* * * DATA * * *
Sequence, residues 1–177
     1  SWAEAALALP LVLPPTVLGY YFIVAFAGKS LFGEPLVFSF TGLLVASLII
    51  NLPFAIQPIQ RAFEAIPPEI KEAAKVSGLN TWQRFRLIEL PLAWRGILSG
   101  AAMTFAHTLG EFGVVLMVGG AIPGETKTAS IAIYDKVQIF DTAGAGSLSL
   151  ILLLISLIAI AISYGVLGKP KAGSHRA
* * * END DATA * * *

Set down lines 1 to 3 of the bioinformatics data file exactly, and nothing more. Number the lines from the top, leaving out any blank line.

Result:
Sequence, residues 1–177
     1  SWAEAALALP LVLPPTVLGY YFIVAFAGKS LFGEPLVFSF TGLLVASLII
    51  NLPFAIQPIQ RAFEAIPPEI KEAAKVSGLN TWQRFRLIEL PLAWRGILSG